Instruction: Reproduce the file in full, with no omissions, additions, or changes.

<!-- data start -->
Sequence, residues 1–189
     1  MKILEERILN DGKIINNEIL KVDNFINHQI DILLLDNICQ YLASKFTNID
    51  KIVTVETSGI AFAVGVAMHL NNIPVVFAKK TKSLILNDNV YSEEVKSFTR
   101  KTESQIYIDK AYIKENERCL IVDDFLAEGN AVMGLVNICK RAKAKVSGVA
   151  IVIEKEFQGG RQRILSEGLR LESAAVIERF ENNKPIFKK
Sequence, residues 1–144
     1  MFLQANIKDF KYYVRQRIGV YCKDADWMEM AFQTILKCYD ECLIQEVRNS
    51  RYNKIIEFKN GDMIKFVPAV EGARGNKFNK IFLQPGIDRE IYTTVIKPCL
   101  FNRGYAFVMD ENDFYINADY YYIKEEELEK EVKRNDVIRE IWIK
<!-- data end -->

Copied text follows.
Sequence, residues 1–189
     1  MKILEERILN DGKIINNEIL KVDNFINHQI DILLLDNICQ YLASKFTNID
    51  KIVTVETSGI AFAVGVAMHL NNIPVVFAKK TKSLILNDNV YSEEVKSFTR
   101  KTESQIYIDK AYIKENERCL IVDDFLAEGN AVMGLVNICK RAKAKVSGVA
   151  IVIEKEFQGG RQRILSEGLR LESAAVIERF ENNKPIFKK
Sequence, residues 1–144
     1  MFLQANIKDF KYYVRQRIGV YCKDADWMEM AFQTILKCYD ECLIQEVRNS
    51  RYNKIIEFKN GDMIKFVPAV EGARGNKFNK IFLQPGIDRE IYTTVIKPCL
   101  FNRGYAFVMD ENDFYINADY YYIKEEELEK EVKRNDVIRE IWIK